Map Visualization 2(NOTE: Screencast of this exercise is available below.)

A few days ago, the always datariffic folks at Juice Analytics posted an article about MacGyver-ing call volume data and pushing it into an online mapping application called Mapeteria. Basically, they were doing some ad hoc data visualization comprised of public web data, private phone call data and a web service that provided the visualization (which in turn used the Google Maps API).

Huh… local data, web data and web APIs? Sounds like a perfect application for a data browser (well, it would’ve been perfect if the web service accepted a POST command, but I digress). A data browser enables you to easily access web data, combine it with local data, perform any required data clean up and then push/pull data from the web — without ever leaving the tool.

It also would’ve saved Juice a bit of time, particularly with grabbing area codes and prepping that file. Let’s look at the four steps they went through and we’ll see how Kirix Strata™ might improve the experience:

1. Pull out the area codes.

The data had phone number values like “12345678901″ as well as “2345678901″, so they used the following formula to pull out the area codes using Excel:


Strata would use a similar formula:


The main time savings here (particularly with large files) is that the calculated field populates automatically for every record in Strata, instead of needing to paste formulas. OK… not terribly exciting thus far.

2. Convert area codes into states

This is a multi-part step:

a) Locate a table from the web that has area code data associated with a state ID (while fending off parasitic scammers).
b) Clean up the table as necessary.
c) Do a lookup from the phone call data that adds in the state where the call originated from.

Strata can really cut down the amount of time spent on this step. Because of the website used, the folks at Juice surely had to create his lookup table manually. I went to Delicious, searched for “area codes” and found this very useful website, which had all the data in a nice HTML table. With Strata, I simply right-clicked and selected “Import Data” and immediately had the table I needed for the lookup.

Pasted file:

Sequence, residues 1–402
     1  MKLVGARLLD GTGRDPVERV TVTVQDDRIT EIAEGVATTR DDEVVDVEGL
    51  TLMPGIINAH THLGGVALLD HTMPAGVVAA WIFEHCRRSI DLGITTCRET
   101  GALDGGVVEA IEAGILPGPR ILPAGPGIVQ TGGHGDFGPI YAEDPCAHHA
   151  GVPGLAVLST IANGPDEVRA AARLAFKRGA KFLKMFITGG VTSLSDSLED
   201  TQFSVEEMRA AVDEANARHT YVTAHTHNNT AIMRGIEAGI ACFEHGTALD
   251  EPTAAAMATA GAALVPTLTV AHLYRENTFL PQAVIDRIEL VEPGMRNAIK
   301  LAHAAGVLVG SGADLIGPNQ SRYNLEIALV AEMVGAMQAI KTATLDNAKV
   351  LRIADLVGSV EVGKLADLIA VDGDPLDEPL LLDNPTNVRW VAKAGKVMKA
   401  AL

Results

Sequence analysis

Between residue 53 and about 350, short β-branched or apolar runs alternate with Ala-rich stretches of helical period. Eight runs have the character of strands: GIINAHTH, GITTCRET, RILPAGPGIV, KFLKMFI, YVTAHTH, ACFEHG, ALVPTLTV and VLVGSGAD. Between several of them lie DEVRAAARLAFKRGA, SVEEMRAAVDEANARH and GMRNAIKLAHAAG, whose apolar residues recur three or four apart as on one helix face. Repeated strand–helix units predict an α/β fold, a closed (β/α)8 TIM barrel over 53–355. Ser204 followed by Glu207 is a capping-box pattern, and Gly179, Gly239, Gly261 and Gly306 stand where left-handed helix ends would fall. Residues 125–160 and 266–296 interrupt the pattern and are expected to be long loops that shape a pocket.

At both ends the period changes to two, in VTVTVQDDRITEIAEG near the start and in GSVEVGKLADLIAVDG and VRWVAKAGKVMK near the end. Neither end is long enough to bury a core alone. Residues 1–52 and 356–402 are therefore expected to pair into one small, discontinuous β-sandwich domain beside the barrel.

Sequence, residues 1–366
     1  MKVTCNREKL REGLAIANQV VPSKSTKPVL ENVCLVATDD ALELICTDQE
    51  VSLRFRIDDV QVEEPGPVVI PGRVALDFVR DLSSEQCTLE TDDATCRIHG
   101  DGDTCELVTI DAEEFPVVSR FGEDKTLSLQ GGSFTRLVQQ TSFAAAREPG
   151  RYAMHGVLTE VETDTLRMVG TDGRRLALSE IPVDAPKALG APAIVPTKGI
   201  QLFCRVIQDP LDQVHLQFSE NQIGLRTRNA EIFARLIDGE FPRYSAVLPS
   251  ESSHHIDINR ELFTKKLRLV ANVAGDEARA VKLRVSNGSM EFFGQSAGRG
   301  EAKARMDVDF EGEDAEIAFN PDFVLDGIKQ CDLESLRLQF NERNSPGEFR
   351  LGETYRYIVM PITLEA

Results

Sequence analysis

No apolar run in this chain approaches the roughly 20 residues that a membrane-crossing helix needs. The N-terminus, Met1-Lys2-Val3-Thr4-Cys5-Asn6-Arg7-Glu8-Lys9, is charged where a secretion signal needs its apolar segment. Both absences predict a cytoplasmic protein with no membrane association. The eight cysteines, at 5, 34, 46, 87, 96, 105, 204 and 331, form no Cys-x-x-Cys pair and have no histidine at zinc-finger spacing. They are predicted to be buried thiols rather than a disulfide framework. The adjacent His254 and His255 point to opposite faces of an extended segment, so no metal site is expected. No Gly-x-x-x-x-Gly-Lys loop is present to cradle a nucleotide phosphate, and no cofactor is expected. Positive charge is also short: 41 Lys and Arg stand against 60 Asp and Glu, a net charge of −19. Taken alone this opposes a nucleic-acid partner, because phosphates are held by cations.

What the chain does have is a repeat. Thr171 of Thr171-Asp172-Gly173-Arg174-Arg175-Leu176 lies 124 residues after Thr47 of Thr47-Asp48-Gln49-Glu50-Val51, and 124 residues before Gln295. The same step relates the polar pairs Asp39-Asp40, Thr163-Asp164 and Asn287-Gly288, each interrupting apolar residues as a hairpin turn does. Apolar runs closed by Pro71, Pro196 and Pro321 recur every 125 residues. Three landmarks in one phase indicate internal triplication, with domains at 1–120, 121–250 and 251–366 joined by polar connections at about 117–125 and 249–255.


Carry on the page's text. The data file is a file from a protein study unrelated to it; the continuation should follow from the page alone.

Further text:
Finally, I created a relationship between my two tables and dragged in the state codes (e.g., CA, IL, NY, etc.) into the phone call data.

3. Create a summary data set

This was done using a pivot table in Excel. Strata doesn’t have classic pivot tables in its feature set at this point, but it does have a nice li’l grouping utility. So, once I knew what csv format was required for the Mapeteria web service, I grouped the data accordingly.

4. Create colorized map the of U.S.

This is the “almost perfect” part I referred to above.

Though Mapeteria is a very cool visualization service using Google Maps, it needs to fetch a CSV file embedded in a URL from elsewhere on the web. If the service was able to accept data via a POST command (or something like an “Upload Data” button), Strata would have been able to just take the table we created and push it to the web service, no csv transformation required (in fact, we’ve got some stuff cooking in our labs that would make this as easy as copy and paste). And, if we were just able to push the data out like this, we would have immediately gotten the map without ever leaving our data browser.

But, like Zach at Juice, I had to save the file in a CSV format and then upload it to a server before I was able to get my map. Here’s a screencast of the entire process… once I found the area code data on the web, it took less than 5 minutes to get my map.

Play Video

(And here’s an embeddable YouTube version…)

If anyone wants to try this process out for themselves, please feel free to download Strata and give it a try. This data browser is in beta and completely free to use; we’re also giving away free full licenses to anyone who provides feedback during the beta period. Oh, and here is the sample phone call volume data I used for this exercise: